Mapping histories of medicine

Over the past few months, I have started exploring the many possibilities offered by Digital Humanities technologies. Digital humanities ‘can be described as a set of conceptual and practical approaches to digital engagement with cultural materials’, as this excellent online resource from UCLA puts it. Another excellent resource for historians to learn more about digital tools and techniques is Adam Crymble’s ‘The Programming Historian.’ One of the things I find most fascinating is the use of Geographical Information Systems (GIS) to represent historical data. While keeping in mind that maps are always distorted in some way, entering historical data about events, people, and dates into a GIS application can visualize connections and networks that are otherwise difficult to grasp.

Network visualization of 17th C correspondents discussing anatomy via E-Pistolarium project.

Network visualization of 17th C correspondents discussing anatomy via E-Pistolarium project.

For example, the ‘Knowledge circulation in the 17th century’ project in the Netherlands gives insight not only in the content of correspondence of seventeenth-century philosophers, but also in the network it formed. Something similar is done in Stanford University’s ‘Republic of Letters’ project. There are countless other examples, but one thing many of these projects have in common is a substantial professional team of developers, creating the technical infrastructure that humanities researchers then fill with their data.

However, there are possibilities for individual researchers without a big budget too. Many universities will offer their students and employees an online GIS course free of charge, and the development of open source software offers new opportunities. Here is an example of how a research group used open source application QGIS to create maps for their research on Burgundy’s historical landscape.

Even if you do not want to download software -or if your laptop cannot handle it- there are possibilities. Last week, I experimented a bit with the experimental data visualization web application Google Fusion Tables, which allows you to create online maps and tables from your own data. Of course this becomes more interesting when you have a big dataset, but just to see the effect I entered the sites of experimentation I described in a recent paper, “Anatomical Mercury: Changing Understandings of Quicksilver, Blood, and the Lymphatic System, 1650–1800.”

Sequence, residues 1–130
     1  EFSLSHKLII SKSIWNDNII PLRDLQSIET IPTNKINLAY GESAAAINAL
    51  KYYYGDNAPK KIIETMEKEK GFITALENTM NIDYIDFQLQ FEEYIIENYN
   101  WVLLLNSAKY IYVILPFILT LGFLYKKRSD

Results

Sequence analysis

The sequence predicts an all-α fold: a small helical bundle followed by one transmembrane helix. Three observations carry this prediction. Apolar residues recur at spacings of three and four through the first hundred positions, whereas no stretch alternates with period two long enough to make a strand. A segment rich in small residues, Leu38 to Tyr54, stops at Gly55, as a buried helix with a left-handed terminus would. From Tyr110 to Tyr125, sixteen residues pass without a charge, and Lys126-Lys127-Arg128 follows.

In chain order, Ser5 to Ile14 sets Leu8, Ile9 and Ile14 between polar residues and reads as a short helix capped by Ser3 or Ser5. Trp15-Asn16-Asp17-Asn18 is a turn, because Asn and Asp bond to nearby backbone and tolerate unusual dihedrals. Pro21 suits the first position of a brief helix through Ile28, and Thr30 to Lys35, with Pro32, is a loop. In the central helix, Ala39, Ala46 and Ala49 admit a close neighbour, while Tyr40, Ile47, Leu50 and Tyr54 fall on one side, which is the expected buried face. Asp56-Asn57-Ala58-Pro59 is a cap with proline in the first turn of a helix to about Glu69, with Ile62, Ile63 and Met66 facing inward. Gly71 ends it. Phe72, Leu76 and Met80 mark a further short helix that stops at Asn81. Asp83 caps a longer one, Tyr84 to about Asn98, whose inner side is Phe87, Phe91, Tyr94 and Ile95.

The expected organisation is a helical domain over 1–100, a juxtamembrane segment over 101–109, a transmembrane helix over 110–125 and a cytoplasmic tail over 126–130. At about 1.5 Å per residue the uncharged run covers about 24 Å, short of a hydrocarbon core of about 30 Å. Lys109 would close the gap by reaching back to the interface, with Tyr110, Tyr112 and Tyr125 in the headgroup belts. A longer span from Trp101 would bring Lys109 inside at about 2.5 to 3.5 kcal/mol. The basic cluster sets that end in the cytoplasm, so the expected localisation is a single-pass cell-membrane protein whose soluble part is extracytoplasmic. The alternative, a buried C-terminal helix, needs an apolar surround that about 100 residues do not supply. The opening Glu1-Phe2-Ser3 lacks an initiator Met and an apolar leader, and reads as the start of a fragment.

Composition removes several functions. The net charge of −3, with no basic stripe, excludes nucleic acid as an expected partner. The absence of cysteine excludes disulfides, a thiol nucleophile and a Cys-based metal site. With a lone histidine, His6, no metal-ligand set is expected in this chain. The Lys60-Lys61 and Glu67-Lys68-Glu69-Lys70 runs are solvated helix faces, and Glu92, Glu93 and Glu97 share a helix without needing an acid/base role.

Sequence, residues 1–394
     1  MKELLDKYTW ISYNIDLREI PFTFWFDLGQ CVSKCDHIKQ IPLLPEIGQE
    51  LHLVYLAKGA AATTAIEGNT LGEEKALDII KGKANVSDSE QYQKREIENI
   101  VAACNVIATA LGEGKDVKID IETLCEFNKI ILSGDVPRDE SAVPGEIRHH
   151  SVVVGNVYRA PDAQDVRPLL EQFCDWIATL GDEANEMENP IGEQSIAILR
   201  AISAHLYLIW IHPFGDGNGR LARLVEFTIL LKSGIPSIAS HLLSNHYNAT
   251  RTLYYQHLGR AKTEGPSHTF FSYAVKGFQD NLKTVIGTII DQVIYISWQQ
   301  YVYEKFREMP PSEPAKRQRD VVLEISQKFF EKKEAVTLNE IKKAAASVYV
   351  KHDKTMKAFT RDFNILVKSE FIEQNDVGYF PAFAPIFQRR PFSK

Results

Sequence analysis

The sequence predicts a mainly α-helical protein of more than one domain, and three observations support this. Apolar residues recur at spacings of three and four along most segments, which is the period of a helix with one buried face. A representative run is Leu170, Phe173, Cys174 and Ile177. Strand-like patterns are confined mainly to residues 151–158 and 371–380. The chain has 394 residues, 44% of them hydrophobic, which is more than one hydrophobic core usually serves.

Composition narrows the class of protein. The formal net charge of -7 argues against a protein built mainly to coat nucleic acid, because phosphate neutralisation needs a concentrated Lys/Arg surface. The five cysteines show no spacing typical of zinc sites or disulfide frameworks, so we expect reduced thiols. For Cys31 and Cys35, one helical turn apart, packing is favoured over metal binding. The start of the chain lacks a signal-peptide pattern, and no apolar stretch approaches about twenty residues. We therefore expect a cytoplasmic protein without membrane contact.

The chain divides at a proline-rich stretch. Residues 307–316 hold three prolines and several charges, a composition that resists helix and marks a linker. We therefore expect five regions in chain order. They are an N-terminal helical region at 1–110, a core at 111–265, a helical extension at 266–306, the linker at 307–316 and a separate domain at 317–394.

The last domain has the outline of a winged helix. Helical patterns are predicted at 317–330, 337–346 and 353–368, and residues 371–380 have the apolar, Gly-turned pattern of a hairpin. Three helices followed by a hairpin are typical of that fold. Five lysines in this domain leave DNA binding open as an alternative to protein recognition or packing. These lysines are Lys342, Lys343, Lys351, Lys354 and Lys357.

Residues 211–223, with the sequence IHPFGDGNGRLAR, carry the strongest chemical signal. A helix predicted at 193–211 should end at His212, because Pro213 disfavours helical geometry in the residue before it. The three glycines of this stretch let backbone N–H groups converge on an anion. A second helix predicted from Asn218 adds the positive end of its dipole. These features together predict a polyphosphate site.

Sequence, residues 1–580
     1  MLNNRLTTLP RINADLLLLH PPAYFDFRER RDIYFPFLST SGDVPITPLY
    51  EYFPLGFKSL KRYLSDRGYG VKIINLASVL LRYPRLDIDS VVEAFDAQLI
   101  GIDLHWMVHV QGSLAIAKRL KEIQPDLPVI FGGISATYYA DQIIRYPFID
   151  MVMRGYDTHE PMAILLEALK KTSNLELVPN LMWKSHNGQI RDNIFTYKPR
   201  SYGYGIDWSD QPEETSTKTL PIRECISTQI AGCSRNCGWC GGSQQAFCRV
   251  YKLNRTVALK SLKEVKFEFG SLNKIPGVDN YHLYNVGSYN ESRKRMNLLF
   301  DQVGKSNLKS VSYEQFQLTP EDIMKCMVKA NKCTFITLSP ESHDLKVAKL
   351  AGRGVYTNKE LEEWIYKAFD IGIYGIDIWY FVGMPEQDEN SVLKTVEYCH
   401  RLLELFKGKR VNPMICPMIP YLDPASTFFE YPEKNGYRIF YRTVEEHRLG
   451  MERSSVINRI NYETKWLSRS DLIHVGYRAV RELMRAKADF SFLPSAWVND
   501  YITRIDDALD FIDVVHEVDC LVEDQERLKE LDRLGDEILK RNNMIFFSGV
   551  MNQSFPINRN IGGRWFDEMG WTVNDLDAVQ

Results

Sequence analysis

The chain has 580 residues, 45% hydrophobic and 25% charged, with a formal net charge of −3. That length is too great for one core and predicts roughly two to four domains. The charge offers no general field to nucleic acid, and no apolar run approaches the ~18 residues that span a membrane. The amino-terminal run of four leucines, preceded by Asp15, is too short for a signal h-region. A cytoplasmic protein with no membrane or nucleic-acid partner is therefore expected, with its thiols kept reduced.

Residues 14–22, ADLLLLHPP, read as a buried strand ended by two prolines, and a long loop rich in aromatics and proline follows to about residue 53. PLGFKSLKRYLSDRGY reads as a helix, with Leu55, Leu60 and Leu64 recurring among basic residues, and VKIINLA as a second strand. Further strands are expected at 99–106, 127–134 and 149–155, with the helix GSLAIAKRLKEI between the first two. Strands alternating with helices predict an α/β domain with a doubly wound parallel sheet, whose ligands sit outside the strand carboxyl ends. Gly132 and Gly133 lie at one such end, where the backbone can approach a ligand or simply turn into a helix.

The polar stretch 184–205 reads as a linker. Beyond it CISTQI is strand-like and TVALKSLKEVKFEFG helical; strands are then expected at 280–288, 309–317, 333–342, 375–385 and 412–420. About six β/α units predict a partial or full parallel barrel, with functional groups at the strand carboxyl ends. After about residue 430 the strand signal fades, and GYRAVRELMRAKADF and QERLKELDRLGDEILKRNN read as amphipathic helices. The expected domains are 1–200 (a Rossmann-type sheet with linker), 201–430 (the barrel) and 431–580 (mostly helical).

This resulted in an online map and a pie chart showing the geographical spread of experiments using mercury to trace the lymphatic system in the period 1650-1800. Even with this ridiculously small dataset, you get an overview that is impossible to obtain from the paper so fast. Of course, there is much to object: Google (for now at least) mainly contains contemporary maps, although historical imagery is being added as we speak.

Moreover, I’m still trying to figure out if there is a way to connect datapoints and thus visualize interactions and networks in Fusion Tables. Used with such a small dataset the application only produces an interesting illustration – this did not provide any new insights. Still, this is only a first try. I have just installed QGIS and hope to use it to gain new insights from my research data in the near future.

Do you already use digital humanities methods or GIS in your historical research? What are your experiences?


About mariekehendriksen

I am a historian of science and art, specialized in the material culture of eighteenth-century medicine and chemistry. I received my PhD from Leiden University in 2012, worked at the University of Groningen as a postdoc, and am now based at Utrecht University. I have been awarded fellowships by the National Maritime Museum in London, the Max Planck Institute for the History of Science in Berlin, the Wood Institute at the College of Physicians, the Chemical Heritage Foundation (both in Philadelphia), and a Wellcome Trust Grant at the Royal College of Surgeons of Edinburgh Library and Archives. The topics of my publications range from historical anatomical collections and medicine chests to anatomical preparation methods and the production of coloured glass. At Utrecht University I work as a postdoctoral researcher within the ERC-funded project Artechne. The project studies how technique was taught and learned in art and science between 1500 and 1950. Although the term ‘technical’ is readily used today, presently a history of the shifting meanings of the term ‘technique’ in arts and science is sorely lacking. My research is aimed at closing this gap in intellectual history, a.o. through the development of an interactive semantic-geographical map of ‘technique’ and related terms.
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3 Responses to Mapping histories of medicine

  1. nicky553 says:

    Reblogged this on Anita Guerrini and commented:
    A great post by my friend, the Dutch historian of science Marieke Hendriksen, on employing digital humanities techniques.

  2. Pingback: Whewell’s Gazette: Year 2, Vol. #10 | Whewell's Ghost

  3. Pingback: Creating and integrating a database – work in progress | ARTECHNE – Technique in the Arts, 1500-1950

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